How can teachers create the right conditions for underachievers, particularly boys, to become more enthusiastic and more successful readers and writers? The long held perception that some boys underachieve in literacy intensified when the key stage literacy tests started in the 1990s and boys’ literacy remains a central concern. This book shares the work of a group of classroom teachers in urban, multiethnic classrooms who took part in a CLPE research project. The findings are useful, interesting and, sometimes, quite surprising. For example they suggest that it is not always necessary to keep writing tasks short and sharp to retain boys’ interest and that boys do not always prefer non-fiction to fiction. It was when teachers were ‘allowed more time to explore really involving texts and time to develop writing’ that boys made promising progress. Perhaps we should not be surprised to find that learning to respond insightfully and imaginatively to books needs time and commitment.
The participating teachers worked with six key stage 2 classes over two terms on three texts: a poem, a short story and a novel. The main teaching strategies, identified as promising in other work on literacy and gender carried out by the CLPE team, were to provide time for reflective talk, for drama and for interactive ICT. The teachers were supported by the project leader who was able to gage the ‘literacy climate’ of the different classrooms and to see how this impinged on the progress of both boys and girls. Interestingly, the texts chosen might not immediately seem likely to appeal to boys. But their themes were involving when interpreted in a contemporary way by the children. The poem ‘What has happened to Lulu?’ by Charles Causley led to profound discussion on uncomfortable issues with modern relevance like violence, kidnapping and murder. The children were expected to work hard and formal work, for example on spelling, was included as well as a consideration of the structure of the poem. Some children read other poems by Charles Causley and wrote their own stanzas. Most of the boys responded enthusiastically when the project organizer opened an email account for the missing girl. The children emailed questions which the project researcher replied to as Lulu.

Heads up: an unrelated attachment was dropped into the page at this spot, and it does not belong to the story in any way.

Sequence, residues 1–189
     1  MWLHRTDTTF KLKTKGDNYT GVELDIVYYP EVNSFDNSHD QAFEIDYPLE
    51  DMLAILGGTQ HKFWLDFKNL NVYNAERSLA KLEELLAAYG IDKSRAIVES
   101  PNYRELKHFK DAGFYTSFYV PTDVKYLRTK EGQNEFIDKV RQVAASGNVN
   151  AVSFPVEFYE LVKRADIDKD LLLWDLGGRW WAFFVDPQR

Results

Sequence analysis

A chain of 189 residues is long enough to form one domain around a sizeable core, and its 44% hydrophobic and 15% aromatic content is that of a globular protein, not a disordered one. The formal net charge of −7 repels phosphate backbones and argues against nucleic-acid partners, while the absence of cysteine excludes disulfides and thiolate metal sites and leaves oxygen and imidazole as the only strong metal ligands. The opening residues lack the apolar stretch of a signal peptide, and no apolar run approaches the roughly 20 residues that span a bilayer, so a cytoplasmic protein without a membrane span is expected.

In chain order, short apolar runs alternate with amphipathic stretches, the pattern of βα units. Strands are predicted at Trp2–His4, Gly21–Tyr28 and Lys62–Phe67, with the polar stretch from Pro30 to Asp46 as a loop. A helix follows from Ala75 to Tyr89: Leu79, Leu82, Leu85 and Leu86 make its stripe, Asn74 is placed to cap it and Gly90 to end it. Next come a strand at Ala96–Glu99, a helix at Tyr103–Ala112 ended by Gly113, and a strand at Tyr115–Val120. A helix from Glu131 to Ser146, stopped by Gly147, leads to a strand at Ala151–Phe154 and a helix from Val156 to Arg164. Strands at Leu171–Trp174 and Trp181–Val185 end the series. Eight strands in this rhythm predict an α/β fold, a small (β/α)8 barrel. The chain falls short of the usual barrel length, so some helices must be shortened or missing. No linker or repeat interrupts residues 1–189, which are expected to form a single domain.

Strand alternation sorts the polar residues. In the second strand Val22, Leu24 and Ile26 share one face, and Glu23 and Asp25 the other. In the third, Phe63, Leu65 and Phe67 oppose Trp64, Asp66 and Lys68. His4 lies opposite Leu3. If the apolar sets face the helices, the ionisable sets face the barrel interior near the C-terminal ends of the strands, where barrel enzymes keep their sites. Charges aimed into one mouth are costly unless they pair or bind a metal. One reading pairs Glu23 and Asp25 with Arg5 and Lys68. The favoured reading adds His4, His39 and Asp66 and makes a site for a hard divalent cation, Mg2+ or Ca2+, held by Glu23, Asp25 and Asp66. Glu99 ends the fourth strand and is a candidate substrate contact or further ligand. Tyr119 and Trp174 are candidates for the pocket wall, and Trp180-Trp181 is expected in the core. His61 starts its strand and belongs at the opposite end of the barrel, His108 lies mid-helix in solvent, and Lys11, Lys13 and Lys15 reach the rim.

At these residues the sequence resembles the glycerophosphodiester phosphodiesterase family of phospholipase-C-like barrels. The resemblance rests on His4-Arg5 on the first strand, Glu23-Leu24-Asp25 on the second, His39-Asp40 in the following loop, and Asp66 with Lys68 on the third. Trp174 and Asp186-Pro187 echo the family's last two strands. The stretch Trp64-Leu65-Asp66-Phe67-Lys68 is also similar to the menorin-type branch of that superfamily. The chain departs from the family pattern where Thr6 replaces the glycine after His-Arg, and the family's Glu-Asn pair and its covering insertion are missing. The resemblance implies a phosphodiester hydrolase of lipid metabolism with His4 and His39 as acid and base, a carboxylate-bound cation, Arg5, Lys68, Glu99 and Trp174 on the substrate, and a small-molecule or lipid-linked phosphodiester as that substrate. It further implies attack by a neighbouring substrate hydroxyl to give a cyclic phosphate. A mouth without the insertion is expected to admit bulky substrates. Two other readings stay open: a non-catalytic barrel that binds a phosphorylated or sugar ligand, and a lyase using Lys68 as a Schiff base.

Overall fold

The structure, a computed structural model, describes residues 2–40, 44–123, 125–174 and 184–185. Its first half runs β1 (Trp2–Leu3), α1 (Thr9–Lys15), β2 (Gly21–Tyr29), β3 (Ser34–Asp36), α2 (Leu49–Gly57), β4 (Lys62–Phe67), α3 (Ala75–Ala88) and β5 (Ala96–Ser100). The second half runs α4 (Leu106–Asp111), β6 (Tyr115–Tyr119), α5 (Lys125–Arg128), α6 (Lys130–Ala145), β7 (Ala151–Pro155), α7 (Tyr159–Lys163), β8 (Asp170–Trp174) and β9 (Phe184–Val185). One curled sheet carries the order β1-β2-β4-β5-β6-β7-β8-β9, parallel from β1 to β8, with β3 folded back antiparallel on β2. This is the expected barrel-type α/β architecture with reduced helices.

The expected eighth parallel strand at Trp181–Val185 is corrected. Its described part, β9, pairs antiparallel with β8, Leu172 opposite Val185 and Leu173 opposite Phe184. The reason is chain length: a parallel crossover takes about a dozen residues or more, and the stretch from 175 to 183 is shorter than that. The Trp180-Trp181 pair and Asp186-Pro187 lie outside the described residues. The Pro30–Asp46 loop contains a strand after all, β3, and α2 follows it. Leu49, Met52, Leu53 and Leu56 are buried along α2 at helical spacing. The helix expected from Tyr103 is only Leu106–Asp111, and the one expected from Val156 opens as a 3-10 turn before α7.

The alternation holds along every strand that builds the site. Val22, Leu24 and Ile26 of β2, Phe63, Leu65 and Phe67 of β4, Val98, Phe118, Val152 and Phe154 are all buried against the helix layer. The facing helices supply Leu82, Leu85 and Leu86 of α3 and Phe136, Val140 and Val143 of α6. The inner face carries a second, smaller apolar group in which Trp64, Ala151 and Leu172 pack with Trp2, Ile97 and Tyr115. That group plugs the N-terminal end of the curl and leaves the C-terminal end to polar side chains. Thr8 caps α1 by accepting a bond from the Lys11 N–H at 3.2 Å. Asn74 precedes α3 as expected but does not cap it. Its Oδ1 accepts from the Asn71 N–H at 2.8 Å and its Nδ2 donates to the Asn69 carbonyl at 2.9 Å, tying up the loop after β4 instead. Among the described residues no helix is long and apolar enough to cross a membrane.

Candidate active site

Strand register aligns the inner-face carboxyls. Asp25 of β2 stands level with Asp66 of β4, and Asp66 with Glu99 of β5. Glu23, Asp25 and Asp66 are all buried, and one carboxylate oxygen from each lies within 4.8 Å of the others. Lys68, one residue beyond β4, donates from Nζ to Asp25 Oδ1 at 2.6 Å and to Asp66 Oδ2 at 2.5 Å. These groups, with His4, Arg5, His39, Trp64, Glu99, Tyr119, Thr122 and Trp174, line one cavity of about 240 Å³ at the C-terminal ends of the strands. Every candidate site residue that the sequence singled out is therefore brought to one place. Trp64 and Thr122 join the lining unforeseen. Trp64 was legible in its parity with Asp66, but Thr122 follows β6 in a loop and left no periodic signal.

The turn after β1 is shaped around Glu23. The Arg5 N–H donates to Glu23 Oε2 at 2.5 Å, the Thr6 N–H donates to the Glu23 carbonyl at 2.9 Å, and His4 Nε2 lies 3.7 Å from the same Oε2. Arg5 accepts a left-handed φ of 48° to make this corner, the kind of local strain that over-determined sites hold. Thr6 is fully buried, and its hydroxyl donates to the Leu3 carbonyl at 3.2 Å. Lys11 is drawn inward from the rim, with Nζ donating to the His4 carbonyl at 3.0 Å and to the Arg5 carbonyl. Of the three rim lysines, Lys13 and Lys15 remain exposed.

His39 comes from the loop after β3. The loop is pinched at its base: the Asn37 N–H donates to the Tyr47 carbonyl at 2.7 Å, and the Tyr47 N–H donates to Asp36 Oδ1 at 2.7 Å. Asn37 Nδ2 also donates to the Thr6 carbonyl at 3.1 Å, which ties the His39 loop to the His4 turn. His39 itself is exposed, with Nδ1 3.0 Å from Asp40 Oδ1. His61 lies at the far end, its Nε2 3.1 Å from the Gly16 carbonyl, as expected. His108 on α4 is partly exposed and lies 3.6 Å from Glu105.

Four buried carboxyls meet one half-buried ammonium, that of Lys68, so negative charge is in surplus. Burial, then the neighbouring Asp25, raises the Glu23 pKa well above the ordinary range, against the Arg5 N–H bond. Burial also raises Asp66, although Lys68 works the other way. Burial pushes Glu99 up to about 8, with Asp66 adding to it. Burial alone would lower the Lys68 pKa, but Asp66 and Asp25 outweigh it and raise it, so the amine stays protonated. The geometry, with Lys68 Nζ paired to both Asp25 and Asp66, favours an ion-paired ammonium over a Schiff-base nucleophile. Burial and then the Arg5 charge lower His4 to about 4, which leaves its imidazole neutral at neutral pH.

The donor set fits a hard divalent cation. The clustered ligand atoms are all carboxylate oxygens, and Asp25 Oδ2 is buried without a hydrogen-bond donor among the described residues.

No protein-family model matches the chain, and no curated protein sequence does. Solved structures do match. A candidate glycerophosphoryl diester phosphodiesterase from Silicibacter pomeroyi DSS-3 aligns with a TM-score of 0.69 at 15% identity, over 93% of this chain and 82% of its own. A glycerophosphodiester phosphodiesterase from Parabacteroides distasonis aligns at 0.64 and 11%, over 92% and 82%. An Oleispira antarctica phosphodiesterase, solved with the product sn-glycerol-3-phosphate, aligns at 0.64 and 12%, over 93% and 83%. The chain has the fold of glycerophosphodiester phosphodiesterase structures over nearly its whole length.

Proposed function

Not everything worked for every child. ‘The Seal Wife’, from Kevin Crossley-Holland’s collection, inspired lively talk and writing in some classes, about choices between being with your children or returning to your ‘true’ life for example, but some teachers felt the related CLPE software (which provided links to websites of online readings of other Selkie stories) was too difficult for some children.
There’s a Boy in the Girls’ Bathroom, by Louis Sachar, inspired boys to engage in collaborative talk and writing – the ‘social networking round texts’ which seems to come more naturally to girls. One class completed mini-journals prepared by the CLPE team which included writing prompts and free pages for writing and drawing. There were outstanding successes: Christopher, whose first language is Portuguese, did his most extended piece of writing ever. And Yusuf’s connection with the themes in the novel – about Bradley who has problems but who wants to change – brought about a breakthrough in his capacity for sustained, involved writing.
This is an enormously inspiring and helpful book: the children’s work is a pleasure to read and progress is analysed in sufficient detail to guide other teachers in their efforts to turn reluctant boy readers and writers on to literacy. More than this, the project teachers found that collaborative, social approaches to literacy and those that allowed more time to get deeper into the texts, worked not only with underachieving boys but with all the children in the class. So much so that they have continued to work in this way after the project ended. If more teachers adopt these approaches will future statutory assessments show improved scores for underachieving boys? They might, but these teachers and researchers conclude that the current summative assessment framework with its ‘one off’ tests is unlikely to reveal the kind of progress made by these young readers and writers with difficulties. Teachers’ formative assessments as part of the everyday work of the class are more likely to tap into their achievements.